December 20, 2016
I woke up to surprisingly calm seas in the Drake Passage. These conditions represent what is called the “Drake Lake” – almost surreally tranquil seas. Most of the staff of the ship has been indicating that this is the most placid they have ever seen these waters. While it’s difficult to remember today, this Passage constitutes one of the roughest stretches of sea in the world, as there are no masses of land at this latitude to block prevailing currents. This Passage, accordingly, represents a great spot to study allopatric speciation; I am very concerned with how the type and variety of organisms will change as we cross, so it was up to the bridge at 5 AM to look for as many signs of life as possible.
The type of life in the open waters of the Drake is distinctly different from that observed in the Beagle Channel. Most of the birds here are pelagic, meaning that they spend most of their lives on the open ocean. The shags, terns, geese, and gulls that I saw in the Beagle were no longer present, being replaced by birds collectively known as tubenoses. All occupying the order Procellariiformes, there are four distinct families of tubenoses – albatrosses, petrels and shearwaters, storm petrels, and diving petrels. The namesake of these birds is the tubular external nasal passage, allowing for a much better ability to smell (Lequette, et al., 1989). Many other unique adaptations allow these birds to live in the open water. Notably, albatrosses and giant petrels both have a tendon which serves to lock the wings in the fully extended position, granting increased wing stability in windy conditions (Pennycuick, 1982). These birds progress soar above the open ocean at incredibly vast speeds, yet they seem to do so almost effortlessly, with very few wing beats. Members of the order Procellariiformes are also all adapted to be able to drink sea water, getting rid of the salt taken in through special glands on the bill (Ehrlich, et al., 1988). Storm petrels were especially interesting to watch dancing in and out of the waves. Often referred to as “sea swallows,” these tiny birds have developed a flight feeding technique called surface pattering, in which they seemingly walk on the water to grant increased stability and allow for travel at a decreased speed. This aids them in the search for food (Henderson, 2008).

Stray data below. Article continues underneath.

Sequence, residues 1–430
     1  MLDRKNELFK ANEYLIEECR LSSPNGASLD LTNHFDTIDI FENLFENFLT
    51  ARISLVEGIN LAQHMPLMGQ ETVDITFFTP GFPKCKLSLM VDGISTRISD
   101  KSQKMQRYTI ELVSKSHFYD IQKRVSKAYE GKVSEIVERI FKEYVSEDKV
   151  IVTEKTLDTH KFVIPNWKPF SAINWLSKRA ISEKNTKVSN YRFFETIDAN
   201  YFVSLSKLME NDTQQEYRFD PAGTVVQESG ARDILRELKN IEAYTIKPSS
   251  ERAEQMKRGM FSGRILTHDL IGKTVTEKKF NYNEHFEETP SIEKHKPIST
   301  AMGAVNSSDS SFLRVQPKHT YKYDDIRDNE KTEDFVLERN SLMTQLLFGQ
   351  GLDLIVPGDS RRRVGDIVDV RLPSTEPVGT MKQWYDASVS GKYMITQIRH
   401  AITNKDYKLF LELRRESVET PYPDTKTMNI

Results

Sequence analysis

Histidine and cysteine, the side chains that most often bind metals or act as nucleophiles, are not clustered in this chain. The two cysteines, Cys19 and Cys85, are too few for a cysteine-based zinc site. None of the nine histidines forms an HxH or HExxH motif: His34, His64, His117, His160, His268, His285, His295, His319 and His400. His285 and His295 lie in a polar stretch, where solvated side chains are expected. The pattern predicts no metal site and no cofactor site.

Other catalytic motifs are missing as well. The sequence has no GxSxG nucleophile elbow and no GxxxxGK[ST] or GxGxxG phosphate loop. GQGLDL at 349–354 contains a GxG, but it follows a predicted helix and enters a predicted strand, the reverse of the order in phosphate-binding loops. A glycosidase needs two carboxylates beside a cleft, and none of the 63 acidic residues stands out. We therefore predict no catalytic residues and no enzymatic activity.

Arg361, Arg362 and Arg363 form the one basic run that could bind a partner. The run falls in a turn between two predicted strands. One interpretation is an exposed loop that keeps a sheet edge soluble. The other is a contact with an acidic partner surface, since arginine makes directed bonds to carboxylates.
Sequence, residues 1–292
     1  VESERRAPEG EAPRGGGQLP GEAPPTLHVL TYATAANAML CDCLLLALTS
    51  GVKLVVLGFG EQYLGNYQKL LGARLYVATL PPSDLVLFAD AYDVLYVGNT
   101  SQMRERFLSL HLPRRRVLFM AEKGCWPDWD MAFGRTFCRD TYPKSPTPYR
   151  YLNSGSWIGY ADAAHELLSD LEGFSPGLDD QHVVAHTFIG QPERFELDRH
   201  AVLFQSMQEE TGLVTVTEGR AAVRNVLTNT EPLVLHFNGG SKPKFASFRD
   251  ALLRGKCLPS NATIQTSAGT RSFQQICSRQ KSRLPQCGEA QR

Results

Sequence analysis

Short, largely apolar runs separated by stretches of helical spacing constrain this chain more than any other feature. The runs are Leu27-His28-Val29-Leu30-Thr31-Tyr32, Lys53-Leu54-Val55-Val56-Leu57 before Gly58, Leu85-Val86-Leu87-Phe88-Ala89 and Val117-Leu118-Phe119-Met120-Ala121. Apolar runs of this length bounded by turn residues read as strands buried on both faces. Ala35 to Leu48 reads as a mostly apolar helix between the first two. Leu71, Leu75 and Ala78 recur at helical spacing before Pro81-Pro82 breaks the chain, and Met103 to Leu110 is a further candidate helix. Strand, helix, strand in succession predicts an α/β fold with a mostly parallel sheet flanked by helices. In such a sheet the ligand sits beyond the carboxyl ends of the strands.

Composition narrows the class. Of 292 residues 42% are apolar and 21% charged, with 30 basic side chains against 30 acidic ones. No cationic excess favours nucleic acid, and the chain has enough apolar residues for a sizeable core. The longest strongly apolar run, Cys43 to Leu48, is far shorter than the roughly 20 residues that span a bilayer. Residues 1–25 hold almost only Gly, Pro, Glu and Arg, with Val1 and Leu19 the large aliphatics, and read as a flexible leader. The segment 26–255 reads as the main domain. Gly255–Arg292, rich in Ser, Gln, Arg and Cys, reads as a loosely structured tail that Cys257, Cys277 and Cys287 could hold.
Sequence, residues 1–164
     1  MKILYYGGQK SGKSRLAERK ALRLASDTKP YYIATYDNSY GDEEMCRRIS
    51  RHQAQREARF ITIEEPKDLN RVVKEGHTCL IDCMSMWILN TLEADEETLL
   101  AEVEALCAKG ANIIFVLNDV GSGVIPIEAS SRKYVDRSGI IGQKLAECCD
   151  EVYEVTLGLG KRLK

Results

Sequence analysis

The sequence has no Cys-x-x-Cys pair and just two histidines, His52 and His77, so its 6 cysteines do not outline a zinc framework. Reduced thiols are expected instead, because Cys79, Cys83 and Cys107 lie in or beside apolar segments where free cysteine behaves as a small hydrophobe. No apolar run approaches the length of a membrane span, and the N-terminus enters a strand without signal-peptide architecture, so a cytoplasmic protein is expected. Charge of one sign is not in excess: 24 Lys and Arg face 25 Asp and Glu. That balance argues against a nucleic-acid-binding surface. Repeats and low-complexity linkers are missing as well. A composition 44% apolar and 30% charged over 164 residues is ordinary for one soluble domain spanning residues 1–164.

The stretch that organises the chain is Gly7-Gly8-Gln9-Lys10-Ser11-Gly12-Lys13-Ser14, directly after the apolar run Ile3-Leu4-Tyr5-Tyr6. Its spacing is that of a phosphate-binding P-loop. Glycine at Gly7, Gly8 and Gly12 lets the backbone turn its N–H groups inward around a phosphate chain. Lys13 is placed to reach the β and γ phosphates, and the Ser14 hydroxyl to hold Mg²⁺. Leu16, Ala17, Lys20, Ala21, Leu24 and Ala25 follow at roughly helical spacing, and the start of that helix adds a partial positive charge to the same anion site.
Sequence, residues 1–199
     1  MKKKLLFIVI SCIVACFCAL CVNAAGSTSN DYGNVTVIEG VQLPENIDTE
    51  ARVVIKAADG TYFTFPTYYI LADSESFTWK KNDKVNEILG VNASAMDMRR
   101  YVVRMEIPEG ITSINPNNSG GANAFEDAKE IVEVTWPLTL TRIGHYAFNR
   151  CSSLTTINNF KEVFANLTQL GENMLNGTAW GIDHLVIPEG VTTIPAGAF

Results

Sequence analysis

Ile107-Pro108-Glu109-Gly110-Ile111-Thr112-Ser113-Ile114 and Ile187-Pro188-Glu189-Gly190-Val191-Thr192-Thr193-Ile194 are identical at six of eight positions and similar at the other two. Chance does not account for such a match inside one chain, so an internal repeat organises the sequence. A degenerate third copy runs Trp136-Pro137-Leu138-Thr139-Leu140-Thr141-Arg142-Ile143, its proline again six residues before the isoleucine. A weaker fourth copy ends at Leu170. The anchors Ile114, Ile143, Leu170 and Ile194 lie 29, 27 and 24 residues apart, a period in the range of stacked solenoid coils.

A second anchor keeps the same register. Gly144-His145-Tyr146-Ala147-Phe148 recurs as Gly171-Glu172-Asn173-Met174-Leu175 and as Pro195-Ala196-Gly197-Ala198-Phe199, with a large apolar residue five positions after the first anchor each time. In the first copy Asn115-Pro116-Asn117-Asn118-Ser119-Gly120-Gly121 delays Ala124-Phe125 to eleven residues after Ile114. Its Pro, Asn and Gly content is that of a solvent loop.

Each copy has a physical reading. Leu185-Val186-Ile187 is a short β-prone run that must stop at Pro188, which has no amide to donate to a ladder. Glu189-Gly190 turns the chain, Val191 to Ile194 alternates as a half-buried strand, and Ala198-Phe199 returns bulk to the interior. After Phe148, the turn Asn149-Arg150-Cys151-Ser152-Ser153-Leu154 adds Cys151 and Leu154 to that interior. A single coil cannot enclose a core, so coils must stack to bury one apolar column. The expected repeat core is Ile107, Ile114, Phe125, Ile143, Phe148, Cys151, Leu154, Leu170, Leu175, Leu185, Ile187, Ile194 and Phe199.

In addition to the Black-browed Albatross and Southern Giant Petrel (encountered yesterday), I encountered three new species of albatross – Wandering Albatross, Southern Royal Albatross, and Northern Royal Albatross – as well as the Northern Giant Petrel, Blue Petrel, White-Chinned Petrel, and Wilson’s Storm Petrel. A special highlight around midday was a raft of Southern Rockhopper Penguins, my first penguins of this expedition! I was amazed at how far from land these penguins were observed – well into the open ocean of the Drake Passage. Around this same time, we also saw a pod of Hourglass Dolphins porpoising through the calm sea.
Later in the day, I got to meet two more naturalists aboard the Explorer – Pete Puleston (naturalist from the USA, who has been traveling on expeditions to the Antarctic since 1978) and Dr. Conor Ryan (naturalist from the UK, specializing in whales). I am very thankful to them both for the time they spent with me on the bridge helping me identify birds and other wildlife.
As I was exiting the bridge, the captain told me that overnight, we will be crossing the Antarctic Convergence. As I noted in my first post, this zone represents the merger of the cold, north-flowing Antarctic waters with the warmer sub-Antarctic waters. The cold waters drop beneath the warmer waters here, resulting in an upwelling of nutrients, upon which an entire food chain of organisms is dependent. Tomorrow, we will be in truly Antarctic waters, and I look forward to observing the resulting changes in the observable wildlife.
Grosvenor Teacher Fellow
National Geographic Society